CHARACTERIZATION OF VALVELESS PIEZOELECTRICALLY- ACTUATED MICROPUMPS WITH NOVEL DIFFUSER ELEMENTS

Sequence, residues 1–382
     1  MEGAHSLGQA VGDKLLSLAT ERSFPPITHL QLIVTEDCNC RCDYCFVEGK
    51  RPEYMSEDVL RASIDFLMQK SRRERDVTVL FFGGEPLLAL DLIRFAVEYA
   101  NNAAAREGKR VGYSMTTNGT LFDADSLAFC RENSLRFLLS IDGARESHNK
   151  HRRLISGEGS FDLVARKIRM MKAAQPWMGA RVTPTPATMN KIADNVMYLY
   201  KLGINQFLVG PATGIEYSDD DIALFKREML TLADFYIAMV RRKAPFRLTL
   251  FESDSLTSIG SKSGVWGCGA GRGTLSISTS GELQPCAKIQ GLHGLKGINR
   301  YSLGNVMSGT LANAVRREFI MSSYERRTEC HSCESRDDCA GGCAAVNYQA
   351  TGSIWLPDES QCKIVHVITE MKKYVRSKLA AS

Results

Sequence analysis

Micropumps can play a significant role in thermal management applications, as a component of microfluidic cooling systems. For next-generation high density Photonics Integrated Circuits (PICs), in particular, heat flux levels are sufficiently high to require a microfluidic circuit for cooling. Valveless piezoelectrically- actuated micropumps are a particularly promising technology to be deployed for this application. These pumps exploit the asymmetric flow behaviour of microdiffusers to achieve net flow. They feature no rotating or contacting parts, which make them intrinsically reliable in comparison to micropumps with active valves. In this paper, two novel microdiffuser elements are reported and characterized. Both elements are based on a standard planar diffuser/nozzle element, with additional protrusions to reduce the overall backflow. The micropumps were fabricated using a 3D printer. Each single diffuser had a length of 1800 μm and a depth of 400 μm. An experimental characterization was conducted in which the flow rate and differential pressure were measured as a function of operating frequency. In comparison with the standard diffuser, both elements showed an increase in differential pressure in the range of 40 280 %, but only one element exhibited an improved flow rate, of about 85 %. The primary outcome of this work is a set of microdiffuser elements for a piezoelectrically-actuated micropump which yield enhanced performance compared to standard diffuser/nozzle elements. A secondary outcome is the successful demonstration of 3D printing as a fabrication technique for a microfluidic component.